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The 2013 Super Bowl Blackout and the Rise of Real-Time Content Marketing

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Did you see what happened during the third quarter of Super Bowl XLVII last night? No, not the electrifying 108-yard kick-off return for a touchdown by Jacoby Jones. Instead, I'm talking about the world debut of real-time content marketing. Shortly after Jones's romp to the end zone, half of the lights in the New Orleans Superdome went out, leaving players, coaches and fans alike with an unexpected 33 minutes to mill around.

Seeing an opportunity, advertisers and media outlets alike swept in with content developed just for this moment, when they knew millions upon millions of people would be looking for something to fill the time so they wouldn't have to listen to the CBS sports crew try to improvise.

Oreo and Tide get props for being and incredibly creative and fast on their feet, but there were others. And new media companies like Mashable and BuzzFeed -- who are more accustomed to the pace at which the world moves today -- were all over the place, and not just during the blackout, but during the entire game. My phone was lighting up with Google+ updates from Mashable all night and BuzzFeed was awash in Twitter trend summaries and Illuminati speculation.

The collective reaction proves what content marketers have been told for a while now: to make an impact, you have to be there with relevant content when there's an audience ready to consume. Oreo had the great (but expensive) whisper fight commercial teed up last night. But what's bringing them the most attention this morning? A cheapo jpeg created and approved on the fly.




Now, admittedly, most of us don't have social media mission control rooms filled with creatives and executives gathered for the sole purpose of capitalizing on a huge ad spend. But the principle remains the same: Know your audience, seek opportunities to create content that's interesting to them and provide it at just the right moment. Like Audi did in its very funny tweet that poked Mercedes-Benz, its competitor that holds the naming rights to the Superdome:




What's the right moment? Keep your eyes and ears open and you'll know. In the meantime, be prepared, be nimble and be smart. To the quick-draw content marketer goes the spoils.

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A version of this post originally appeared on Social Well.

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Matt Cyr is the Director of Digital Strategy for Northeastern University’s College of Professional Studies. Prior to that he was the Content Director and Managing Editor at Boston Children’s Hospital.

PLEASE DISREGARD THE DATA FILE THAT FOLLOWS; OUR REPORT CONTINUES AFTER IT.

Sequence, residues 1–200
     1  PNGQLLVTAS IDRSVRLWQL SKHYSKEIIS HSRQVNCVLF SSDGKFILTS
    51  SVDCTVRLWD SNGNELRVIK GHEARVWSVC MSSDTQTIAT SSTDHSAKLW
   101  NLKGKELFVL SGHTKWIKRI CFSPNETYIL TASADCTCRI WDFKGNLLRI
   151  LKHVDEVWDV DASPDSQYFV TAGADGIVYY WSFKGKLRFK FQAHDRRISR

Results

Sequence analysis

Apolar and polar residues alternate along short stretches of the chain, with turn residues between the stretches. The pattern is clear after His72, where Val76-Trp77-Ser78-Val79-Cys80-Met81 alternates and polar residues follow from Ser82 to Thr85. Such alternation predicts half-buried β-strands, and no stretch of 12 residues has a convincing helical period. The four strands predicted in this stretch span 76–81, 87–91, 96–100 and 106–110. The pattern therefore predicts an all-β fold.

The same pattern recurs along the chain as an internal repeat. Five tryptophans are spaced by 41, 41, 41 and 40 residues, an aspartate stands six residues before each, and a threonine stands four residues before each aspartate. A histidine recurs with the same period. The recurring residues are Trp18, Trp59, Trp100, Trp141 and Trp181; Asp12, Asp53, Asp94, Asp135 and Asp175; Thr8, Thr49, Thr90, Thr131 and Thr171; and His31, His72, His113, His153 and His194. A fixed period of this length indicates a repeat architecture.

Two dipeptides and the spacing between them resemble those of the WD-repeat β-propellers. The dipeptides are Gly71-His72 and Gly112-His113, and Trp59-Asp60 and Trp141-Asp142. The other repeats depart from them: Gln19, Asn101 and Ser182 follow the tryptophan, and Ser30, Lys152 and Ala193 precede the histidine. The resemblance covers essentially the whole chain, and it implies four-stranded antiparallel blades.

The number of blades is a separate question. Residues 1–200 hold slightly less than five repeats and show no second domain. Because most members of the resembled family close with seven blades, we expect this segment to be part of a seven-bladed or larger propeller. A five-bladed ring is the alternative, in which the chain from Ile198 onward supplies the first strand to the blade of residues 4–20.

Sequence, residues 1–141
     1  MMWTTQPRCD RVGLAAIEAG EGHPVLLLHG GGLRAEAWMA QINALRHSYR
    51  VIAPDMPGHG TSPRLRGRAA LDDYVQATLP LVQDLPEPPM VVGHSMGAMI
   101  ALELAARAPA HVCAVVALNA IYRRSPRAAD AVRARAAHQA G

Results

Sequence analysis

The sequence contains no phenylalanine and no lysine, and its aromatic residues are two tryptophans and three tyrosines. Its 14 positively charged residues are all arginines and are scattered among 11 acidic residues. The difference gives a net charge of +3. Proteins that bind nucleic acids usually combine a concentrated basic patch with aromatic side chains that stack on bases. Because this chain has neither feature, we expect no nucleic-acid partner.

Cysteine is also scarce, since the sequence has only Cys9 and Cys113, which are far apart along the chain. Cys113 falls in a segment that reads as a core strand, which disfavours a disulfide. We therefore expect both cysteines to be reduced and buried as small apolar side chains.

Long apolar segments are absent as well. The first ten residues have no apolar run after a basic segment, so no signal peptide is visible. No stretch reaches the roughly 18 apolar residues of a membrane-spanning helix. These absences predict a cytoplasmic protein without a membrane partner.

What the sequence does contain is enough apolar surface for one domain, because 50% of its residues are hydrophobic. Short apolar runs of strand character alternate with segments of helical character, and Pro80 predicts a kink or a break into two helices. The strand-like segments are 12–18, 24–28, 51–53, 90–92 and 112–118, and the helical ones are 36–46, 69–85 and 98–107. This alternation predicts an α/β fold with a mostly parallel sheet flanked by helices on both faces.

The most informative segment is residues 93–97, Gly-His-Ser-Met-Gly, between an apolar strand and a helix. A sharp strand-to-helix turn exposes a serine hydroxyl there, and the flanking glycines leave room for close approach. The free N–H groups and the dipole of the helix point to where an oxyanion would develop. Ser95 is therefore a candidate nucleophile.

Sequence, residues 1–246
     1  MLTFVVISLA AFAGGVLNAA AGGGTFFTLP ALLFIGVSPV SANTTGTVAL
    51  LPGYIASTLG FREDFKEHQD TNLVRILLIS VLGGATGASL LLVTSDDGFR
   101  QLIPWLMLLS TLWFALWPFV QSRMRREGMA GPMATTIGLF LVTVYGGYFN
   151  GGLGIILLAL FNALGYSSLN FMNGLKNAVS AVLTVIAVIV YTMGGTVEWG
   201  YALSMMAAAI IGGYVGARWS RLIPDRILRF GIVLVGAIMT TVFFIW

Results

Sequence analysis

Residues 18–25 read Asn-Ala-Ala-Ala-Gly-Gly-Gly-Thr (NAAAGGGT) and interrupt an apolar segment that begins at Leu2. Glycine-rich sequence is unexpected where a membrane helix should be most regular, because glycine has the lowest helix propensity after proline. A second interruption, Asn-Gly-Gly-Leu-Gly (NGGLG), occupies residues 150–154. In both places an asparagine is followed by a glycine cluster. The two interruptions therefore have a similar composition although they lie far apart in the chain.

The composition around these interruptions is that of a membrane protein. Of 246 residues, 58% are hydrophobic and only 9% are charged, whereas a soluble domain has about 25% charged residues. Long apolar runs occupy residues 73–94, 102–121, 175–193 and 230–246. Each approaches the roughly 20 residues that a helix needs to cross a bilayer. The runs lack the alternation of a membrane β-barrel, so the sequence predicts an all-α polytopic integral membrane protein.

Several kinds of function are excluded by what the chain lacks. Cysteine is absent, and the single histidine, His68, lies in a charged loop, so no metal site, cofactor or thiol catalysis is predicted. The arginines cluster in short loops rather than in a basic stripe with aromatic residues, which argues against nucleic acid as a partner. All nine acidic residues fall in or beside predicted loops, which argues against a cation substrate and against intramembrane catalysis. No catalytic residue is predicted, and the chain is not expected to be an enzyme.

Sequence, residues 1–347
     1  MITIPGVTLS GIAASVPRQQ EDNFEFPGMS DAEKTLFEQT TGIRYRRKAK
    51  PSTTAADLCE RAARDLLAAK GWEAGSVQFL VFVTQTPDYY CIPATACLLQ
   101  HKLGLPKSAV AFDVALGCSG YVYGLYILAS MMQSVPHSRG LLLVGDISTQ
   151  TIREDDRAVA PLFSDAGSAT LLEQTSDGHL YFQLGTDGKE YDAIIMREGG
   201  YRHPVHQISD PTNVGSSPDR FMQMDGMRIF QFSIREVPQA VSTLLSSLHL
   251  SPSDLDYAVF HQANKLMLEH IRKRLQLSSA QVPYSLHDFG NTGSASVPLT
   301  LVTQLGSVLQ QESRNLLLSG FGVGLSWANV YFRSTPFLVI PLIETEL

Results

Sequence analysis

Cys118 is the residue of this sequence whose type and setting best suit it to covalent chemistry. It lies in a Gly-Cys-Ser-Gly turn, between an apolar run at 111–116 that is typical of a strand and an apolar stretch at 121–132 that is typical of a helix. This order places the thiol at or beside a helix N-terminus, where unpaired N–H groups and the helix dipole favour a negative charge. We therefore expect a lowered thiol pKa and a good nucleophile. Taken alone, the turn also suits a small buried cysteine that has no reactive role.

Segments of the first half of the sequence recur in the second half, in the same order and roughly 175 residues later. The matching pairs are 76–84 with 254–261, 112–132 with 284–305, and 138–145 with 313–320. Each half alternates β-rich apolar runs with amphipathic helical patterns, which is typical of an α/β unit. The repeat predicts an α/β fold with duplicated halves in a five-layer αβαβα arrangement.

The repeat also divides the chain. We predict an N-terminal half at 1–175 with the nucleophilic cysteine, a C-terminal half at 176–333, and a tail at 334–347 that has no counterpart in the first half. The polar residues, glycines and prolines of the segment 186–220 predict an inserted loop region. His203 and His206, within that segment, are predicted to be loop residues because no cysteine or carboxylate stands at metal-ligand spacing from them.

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  • by Mike Merrill Mon Feb 4, 2013 via blog

    I think what's really interesting is the impact this will have to agency/brand teams. Now these teams will have to plan to be working during these type of events and plan a content strategy around it. Digital strategists won't be able to really enjoy the superbowl anymore.

    Either way, it's an amazing shift.

    @MikeDMerrill

  • by Ann Handley Mon Feb 4, 2013 via blog

    I think this was my favorite example of real-time content/newsjacking. Via @pbs on Twitter:

    @PBS This might be a good time think about alternative programming. #SuperBowlBlackOut #WeHaveDowntonPBS

    https://twitter.com/PBS/statuses/298246111460720642

    Loved it!

  • by Matt Cyr Mon Feb 4, 2013 via blog

    That is great, Ann. It seems that the only ones that didn't get in on the blackout action were the puppies from Puppy Bowl...they could have gone with something like, "Dan Marino isn't the only dog working today. Check out the Puppy Bowl while you wait for the lights to come back on."

  • by Ann Handley Mon Feb 4, 2013 via blog

    LOL! True! Also would've been great to see more snack brands jump in -- "Now would be a good time to make more nachos." (Or possibly this happened, and I didn't stumble into it!)

  • by Brigid Demko Tue Feb 5, 2013 via blog

    I'm studying Social Media and Practice with @Dr4Ward at @NewhouseSU and this was a hot topic this week in our class. It's a wonderful example of taking advantage of consumer needs right when the need is present. It really shows the power of social media and hopefully agencies will learn a lesson from 360i. This is the kind of thing that makes me excited to get into the industry.

  • by Matt Cyr Wed Feb 6, 2013 via blog

    Hi Brigid,

    I couldn't agree more...it is an incredibly exciting time to be doing what we're doing. The opportunities for creativity and business development are nearly endless. Good luck finishing up your degree!

    Matt

  • by AshlieT Wed Feb 6, 2013 via blog

    I agree. I'm sure that all major brands running advertisements at the Super Bowl or other high-exposure events will now be prepared for a similar instance again. Kudus to those companies that were prepared and proactive this time around, though!

  • by Matt Cyr Thu Feb 7, 2013 via blog

    I think you're both right, although the stakes are significantly higher with an event like the Super Bowl, where there's a huge international audience and tens of millions of dollars flowing out of the pockets of advertisers.

    For smaller brands (or even companies so small they don't think of themselves as "brands") I doubt it will mean not enjoying the Super Bowl, but it will mean that hawk-eyed reps of those brands will have the opportunity to make a name for their company if they're paying attention when something relevant to their brand happens and they can respond quickly and effectively.

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